Company: Genova Technologies
Year Founded: 1993; Ainger took over management in 1998 and bought Genova in 2001.
Headquarters: Cedar Rapids, Iowa
Annual Revenue: $32 million
What It Does: A software company that provides software development, project management, and requirements analysis to customers nationwide.
When Dawn Ainger arrived at work one day in 1998, she was dismayed to find that the doors to Genova Technologies were locked and the owner was filing for bankruptcy. With three young boys to raise, the single mother didn’t want to leave her job as a software engineer. So she persuaded the remaining investors to let her run the software services company herself.
“In any career, you have to decide what you’re better at, stress or frustration. They are both going to occur,” says Ainger, now Genova Technologies’ president and CEO. “When you aren’t in control, you have to live with the decisions that are made. I wanted to have control over the financial stability and direction of the company. I was better at that.”
The investors agreed to let Ainger give it a go, and she wasted no time making major changes. First up was stopping the previous owner’s spendthrift ways; she cut expenses and moved the company out of posh offices into more spartan surroundings.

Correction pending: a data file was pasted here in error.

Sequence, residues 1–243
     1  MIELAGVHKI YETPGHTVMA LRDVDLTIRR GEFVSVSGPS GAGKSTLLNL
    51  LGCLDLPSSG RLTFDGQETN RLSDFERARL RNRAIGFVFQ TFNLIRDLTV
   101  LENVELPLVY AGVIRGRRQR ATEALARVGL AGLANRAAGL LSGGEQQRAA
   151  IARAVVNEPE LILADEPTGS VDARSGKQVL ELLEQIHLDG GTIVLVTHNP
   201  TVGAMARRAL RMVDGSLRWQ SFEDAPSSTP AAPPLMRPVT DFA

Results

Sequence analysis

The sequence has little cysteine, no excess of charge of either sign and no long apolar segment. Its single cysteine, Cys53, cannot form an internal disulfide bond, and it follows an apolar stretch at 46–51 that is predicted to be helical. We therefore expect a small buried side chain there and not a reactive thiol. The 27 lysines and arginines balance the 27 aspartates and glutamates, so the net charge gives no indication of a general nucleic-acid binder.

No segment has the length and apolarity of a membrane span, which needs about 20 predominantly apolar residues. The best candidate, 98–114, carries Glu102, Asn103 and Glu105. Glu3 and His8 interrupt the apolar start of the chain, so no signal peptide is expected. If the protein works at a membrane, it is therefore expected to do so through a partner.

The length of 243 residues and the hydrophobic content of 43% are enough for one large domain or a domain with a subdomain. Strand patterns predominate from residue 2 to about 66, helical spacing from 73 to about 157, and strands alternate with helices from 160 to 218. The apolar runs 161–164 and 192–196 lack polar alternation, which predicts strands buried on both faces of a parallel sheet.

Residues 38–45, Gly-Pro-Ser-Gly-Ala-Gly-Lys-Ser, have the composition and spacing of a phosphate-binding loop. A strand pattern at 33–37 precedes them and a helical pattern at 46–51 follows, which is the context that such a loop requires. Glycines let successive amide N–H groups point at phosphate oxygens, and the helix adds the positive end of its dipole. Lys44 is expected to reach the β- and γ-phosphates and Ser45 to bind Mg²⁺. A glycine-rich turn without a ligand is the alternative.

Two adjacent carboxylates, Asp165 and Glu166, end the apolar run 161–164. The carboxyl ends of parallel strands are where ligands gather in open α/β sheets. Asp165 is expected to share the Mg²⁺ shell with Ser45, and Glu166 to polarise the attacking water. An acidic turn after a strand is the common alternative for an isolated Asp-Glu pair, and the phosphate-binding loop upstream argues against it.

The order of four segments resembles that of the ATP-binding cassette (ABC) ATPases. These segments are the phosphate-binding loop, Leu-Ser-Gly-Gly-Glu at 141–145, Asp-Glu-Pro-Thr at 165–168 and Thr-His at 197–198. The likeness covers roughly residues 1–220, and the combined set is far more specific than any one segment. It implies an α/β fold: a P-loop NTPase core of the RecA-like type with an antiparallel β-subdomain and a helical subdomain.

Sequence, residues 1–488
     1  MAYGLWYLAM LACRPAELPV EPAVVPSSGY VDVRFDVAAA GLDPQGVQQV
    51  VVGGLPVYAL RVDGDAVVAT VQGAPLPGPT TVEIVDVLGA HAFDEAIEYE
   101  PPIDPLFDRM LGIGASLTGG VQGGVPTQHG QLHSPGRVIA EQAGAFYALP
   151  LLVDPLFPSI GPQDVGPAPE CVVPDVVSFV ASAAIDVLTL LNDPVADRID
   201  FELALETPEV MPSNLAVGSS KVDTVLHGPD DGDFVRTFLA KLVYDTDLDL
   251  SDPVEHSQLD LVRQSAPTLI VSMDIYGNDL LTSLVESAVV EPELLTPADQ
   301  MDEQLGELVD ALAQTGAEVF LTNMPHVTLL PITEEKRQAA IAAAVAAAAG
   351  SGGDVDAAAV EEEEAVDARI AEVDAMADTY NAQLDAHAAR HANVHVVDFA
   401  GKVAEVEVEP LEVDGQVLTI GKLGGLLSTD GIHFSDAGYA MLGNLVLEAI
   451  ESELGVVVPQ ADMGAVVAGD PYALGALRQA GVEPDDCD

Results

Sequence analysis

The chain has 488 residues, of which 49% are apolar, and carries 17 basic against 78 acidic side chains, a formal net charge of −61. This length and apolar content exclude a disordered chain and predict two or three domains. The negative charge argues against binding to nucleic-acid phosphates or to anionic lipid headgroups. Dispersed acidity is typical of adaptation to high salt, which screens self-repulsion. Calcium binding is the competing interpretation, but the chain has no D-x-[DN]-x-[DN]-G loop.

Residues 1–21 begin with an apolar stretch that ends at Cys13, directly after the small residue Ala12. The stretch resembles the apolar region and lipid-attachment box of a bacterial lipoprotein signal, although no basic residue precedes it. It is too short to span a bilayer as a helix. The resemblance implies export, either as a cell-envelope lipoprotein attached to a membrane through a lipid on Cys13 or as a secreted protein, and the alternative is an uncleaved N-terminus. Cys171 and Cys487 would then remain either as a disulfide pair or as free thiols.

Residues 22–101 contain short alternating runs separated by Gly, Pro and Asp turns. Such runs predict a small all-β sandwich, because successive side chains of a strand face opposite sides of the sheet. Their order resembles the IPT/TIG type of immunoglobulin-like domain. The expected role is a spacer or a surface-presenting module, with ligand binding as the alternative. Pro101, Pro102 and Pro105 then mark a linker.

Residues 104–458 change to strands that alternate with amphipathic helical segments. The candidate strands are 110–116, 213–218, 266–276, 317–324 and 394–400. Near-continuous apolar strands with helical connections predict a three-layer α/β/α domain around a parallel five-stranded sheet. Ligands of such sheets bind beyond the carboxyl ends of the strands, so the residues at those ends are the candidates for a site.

Ainger also shifted Genova’s focus from a software development generalist to a specialist in two vertical markets: health care and defense. For those industries, Genova concentrates on wireless communications and client software needs.
This focus primed Genova for growth and helped outsmart rivals. When Ainger bought out Genova’s investors in 2001, the company faced stiff competition from global outsourcing. She homed in on sectors like the government, where international companies can’t compete, since providers must be American-owned and based in the United States. In addition to government work, Genova also provides communications software and consulting for Fortune 500 companies.
A key early project Ainger landed involved helping Medicare retool its existing systems to reimburse hospitals that provided medical care to people caught illegally crossing the United States-Mexico border. (Previously, Medicare benefits were unavailable to this population.) “The hospitals said they were going to go out of business taking care of people brought to their ERs,” Ainger says. “We helped Medicare figure out a system in a short amount of time by asking the right questions and making them work for a new functionality.”
Her strategy paid off, and Genova grew into a profitable company.
Through it all, Ainger led the company in the midst of her own challenges, including a diagnosis of multiple sclerosis. She brings a penchant for understanding clients’ future needs while emphasizing collaboration with competitors. One of Ainger’s core philosophies is hiring employees with “attitude, aptitude, and integrity—the three things you cannot give someone. They either have them or they don’t.”
A committed philanthropist, Ainger serves on many nonprofit boards. She also started a free day camp that offers latchkey kids music and swimming lessons, reading help, and more, and she donates wireless laptops to people with MS and to veterans.